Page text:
CHICAGO — Drugs often used to treat elderly patients with dementia-related aggression and delusions can raise their risk of death, according to a study that reinforces new warning labels required on the medications.
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The researchers pooled results of 15 previous studies on drugs known as atypical anti-psychotics and sold under the brand names Zyprexa, Risperdal, Seroquel and Abilify.
Among more than 5,000 elderly dementia patients, those taking any of the drugs faced a 54 percent increased risk of dying within 12 weeks of starting the medication, compared with patients taking dummy pills.
There were 118 deaths among the 3,353 drug users versus 40 in the 1,757-patient placebo group, or 3.5 percent compared with 2.3 percent. The risks were similar for each of the drugs.
The drugs are approved for treating schizophrenia and bipolar disease, not elderly dementia. But because schizophrenia-like symptoms are common in elderly patients with Alzheimer's disease or other dementia, doctors frequently prescribe the drugs to these patients, too. Such "off-label" uses are legal.
The study gave no information on the causes of death, but the Food and Drug Administration warned in April that the drugs have been linked to deaths from heart failure and pneumonia in elderly dementia patients. At the FDA's request, manufacturers recently revised their drug labels to include strong warnings of the increased risk of death.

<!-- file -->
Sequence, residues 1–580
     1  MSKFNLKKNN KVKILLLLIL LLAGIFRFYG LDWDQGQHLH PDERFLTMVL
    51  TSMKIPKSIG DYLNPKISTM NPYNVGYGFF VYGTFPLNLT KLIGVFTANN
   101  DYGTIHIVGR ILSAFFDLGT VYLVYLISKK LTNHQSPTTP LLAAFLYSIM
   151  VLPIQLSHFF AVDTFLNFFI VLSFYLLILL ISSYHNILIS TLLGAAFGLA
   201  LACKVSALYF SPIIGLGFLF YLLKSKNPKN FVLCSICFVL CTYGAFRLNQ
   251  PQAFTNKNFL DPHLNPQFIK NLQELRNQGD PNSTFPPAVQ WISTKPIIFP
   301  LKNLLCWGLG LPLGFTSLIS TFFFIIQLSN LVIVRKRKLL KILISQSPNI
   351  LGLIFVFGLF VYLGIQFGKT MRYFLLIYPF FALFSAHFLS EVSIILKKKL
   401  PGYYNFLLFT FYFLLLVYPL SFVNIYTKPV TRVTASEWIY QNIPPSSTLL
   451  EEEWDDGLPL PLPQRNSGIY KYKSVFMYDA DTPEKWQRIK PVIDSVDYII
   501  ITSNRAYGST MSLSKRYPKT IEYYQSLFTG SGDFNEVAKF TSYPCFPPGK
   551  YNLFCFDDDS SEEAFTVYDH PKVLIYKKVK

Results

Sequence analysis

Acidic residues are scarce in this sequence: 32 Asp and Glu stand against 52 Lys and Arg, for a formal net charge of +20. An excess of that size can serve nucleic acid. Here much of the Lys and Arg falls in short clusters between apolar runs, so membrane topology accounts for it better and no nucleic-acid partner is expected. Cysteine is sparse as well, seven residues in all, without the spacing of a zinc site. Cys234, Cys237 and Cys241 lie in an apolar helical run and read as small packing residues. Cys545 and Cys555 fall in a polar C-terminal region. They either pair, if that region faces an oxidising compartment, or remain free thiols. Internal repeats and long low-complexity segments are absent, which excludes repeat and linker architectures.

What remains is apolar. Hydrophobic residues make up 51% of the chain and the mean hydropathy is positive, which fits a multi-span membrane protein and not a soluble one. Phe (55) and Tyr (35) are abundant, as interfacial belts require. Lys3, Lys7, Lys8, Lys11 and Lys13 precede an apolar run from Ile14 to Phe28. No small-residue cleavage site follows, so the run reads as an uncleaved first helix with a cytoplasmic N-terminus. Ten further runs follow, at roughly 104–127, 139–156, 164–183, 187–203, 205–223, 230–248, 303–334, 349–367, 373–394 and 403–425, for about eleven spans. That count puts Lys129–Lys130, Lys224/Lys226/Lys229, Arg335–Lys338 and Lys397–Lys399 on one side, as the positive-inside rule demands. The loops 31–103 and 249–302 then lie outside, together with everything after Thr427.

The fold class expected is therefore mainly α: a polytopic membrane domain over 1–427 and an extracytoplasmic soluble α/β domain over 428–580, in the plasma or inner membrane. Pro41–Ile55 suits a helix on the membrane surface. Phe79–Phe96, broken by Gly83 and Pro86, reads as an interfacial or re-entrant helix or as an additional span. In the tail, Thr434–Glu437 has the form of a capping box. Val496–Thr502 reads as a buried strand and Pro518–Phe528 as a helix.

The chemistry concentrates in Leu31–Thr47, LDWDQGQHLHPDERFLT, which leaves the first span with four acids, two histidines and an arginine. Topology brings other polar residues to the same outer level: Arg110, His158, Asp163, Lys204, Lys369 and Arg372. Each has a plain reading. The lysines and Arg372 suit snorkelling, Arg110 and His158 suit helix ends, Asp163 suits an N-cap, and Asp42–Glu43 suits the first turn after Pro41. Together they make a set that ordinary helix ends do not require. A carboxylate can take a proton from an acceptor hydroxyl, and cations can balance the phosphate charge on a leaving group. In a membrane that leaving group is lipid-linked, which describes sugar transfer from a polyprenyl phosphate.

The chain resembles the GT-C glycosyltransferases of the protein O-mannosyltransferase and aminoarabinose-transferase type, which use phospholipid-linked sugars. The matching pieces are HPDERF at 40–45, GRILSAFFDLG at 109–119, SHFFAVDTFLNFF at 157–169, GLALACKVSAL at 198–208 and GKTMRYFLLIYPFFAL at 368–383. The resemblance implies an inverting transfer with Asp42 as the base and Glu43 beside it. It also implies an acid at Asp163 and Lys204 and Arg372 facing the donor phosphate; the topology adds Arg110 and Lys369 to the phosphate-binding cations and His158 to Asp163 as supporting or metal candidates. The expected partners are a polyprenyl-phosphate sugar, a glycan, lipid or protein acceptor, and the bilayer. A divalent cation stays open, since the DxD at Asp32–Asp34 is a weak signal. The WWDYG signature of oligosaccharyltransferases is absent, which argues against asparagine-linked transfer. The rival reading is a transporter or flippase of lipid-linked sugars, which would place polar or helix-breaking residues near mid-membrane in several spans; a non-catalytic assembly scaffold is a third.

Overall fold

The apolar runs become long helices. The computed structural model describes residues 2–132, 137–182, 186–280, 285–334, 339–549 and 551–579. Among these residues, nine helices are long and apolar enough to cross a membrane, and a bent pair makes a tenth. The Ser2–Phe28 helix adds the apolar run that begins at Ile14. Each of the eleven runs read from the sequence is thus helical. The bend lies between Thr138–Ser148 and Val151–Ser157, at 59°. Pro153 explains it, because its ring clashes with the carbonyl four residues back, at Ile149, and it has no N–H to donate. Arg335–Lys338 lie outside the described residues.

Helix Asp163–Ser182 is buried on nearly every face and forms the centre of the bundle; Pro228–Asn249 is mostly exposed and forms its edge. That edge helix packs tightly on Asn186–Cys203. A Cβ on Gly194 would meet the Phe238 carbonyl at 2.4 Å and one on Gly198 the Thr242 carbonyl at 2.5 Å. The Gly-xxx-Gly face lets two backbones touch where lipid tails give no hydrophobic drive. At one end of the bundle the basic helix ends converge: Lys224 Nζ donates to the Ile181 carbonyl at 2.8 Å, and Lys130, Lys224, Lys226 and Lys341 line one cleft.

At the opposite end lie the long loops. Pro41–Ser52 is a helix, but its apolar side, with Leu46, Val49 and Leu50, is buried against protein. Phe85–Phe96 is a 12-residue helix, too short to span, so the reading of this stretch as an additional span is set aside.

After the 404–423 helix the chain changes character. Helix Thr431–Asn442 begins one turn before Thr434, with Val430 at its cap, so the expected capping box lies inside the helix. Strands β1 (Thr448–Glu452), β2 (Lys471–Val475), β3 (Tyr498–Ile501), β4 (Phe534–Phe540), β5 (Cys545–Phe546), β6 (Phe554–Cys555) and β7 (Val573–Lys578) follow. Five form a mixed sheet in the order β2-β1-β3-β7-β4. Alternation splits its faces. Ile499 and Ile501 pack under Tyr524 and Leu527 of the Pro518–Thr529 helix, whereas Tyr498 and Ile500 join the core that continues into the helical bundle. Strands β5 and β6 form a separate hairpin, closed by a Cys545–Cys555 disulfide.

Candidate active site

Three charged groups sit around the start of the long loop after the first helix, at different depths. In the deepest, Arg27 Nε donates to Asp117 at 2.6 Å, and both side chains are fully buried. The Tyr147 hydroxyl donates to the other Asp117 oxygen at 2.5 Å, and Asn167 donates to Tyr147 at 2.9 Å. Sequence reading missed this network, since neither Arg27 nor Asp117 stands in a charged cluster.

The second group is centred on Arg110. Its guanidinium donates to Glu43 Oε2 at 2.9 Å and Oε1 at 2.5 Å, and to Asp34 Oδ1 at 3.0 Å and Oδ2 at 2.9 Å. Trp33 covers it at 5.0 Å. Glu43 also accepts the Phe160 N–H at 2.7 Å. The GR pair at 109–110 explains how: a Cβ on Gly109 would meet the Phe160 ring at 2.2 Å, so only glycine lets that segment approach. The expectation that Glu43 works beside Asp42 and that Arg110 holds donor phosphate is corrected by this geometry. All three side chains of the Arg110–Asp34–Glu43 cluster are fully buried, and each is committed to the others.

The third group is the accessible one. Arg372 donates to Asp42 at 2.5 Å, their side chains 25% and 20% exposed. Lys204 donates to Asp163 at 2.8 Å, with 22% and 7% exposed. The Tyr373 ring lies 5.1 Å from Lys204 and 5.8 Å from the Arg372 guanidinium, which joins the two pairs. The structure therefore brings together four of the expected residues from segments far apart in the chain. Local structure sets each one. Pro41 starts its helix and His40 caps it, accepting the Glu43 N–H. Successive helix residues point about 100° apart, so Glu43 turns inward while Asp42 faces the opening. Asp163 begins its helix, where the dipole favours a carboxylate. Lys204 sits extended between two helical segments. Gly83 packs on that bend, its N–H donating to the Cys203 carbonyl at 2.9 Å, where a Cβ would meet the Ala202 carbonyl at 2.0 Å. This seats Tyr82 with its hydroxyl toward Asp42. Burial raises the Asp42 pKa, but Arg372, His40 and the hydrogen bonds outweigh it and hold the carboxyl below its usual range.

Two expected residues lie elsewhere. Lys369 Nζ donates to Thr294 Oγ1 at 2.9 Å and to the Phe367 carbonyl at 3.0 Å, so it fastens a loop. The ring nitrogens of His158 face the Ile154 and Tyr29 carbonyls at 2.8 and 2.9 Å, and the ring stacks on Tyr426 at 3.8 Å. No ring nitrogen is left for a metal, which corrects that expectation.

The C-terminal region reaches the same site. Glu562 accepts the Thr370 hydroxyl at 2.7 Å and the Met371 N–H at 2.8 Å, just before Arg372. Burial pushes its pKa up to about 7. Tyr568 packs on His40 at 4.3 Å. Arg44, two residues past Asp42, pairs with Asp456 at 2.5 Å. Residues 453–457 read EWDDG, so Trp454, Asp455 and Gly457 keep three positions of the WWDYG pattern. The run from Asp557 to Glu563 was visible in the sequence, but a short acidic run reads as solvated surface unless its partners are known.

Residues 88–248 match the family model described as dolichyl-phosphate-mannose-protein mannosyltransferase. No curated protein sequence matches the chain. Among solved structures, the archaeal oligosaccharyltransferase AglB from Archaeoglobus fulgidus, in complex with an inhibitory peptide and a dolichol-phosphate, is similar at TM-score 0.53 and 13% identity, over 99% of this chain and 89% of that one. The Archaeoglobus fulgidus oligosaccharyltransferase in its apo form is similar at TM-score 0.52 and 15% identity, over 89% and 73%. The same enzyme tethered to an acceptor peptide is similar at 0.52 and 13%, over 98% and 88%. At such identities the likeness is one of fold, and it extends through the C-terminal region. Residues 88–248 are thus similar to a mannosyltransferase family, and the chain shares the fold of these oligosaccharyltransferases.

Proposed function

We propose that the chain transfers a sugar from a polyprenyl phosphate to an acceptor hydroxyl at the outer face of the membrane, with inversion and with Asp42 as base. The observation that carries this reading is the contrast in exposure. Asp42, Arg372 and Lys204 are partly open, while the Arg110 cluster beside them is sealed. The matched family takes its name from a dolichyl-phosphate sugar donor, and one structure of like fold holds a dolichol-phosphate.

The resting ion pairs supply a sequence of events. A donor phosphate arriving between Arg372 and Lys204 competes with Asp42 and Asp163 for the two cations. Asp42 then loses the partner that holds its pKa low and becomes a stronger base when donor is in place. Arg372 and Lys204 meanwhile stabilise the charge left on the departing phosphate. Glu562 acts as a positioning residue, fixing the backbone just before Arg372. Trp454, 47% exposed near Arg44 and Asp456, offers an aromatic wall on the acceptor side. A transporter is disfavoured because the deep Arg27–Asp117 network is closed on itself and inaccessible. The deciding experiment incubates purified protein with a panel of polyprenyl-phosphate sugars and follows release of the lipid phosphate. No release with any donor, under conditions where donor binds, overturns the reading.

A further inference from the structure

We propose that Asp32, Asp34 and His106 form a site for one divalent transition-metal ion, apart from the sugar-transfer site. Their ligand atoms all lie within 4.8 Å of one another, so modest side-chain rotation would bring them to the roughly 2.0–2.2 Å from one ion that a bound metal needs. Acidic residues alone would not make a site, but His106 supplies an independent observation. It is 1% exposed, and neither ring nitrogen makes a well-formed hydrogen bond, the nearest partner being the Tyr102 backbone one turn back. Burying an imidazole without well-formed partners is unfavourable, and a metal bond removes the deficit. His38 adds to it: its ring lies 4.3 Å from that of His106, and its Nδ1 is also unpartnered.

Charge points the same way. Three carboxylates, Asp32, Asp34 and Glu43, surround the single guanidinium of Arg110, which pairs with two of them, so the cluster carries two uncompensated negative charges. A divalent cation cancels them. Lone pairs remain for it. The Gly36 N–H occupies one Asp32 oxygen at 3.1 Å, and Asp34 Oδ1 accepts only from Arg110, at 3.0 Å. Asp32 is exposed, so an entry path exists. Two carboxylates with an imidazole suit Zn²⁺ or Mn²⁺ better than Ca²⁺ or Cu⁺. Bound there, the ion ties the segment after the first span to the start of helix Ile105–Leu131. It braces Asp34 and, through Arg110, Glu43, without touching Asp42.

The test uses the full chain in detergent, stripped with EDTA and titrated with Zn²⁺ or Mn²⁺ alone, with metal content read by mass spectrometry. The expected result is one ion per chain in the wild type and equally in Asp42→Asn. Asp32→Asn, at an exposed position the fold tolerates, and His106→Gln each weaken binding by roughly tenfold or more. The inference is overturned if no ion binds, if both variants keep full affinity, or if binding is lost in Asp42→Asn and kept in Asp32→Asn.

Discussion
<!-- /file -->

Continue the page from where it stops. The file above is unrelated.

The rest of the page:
Dr. Lon Schneider, a University of Southern California psychiatrist and the study's lead author, said the results should instill caution "but not a great sense of fear."
"These drugs are clinically needed and there are actually few alternatives" for elderly dementia patients, Schneider said.
Withholding the drugs from patients who need them could also prove dangerous, by increasing the chances they might harm themselves and others, he said.
The study appears in Wednesday's Journal of the American Medical Association.
Dr. Ronald Landbloom of Zyprexa maker Eli Lilly & Co. said the drugs "can be very helpful with aggressive psychotic patients who are beating up caregivers and nursing home staff, and hurting themselves," but doctors need to be aware of the risks.
William Thies, scientific director of the Alzheimer's Association, said up to about half of all Alzheimer's patients develop problems the drugs can treat.
"The trade-off is clearly going to be this small risk," and for some patients, the risk is worth taking, Thies said.
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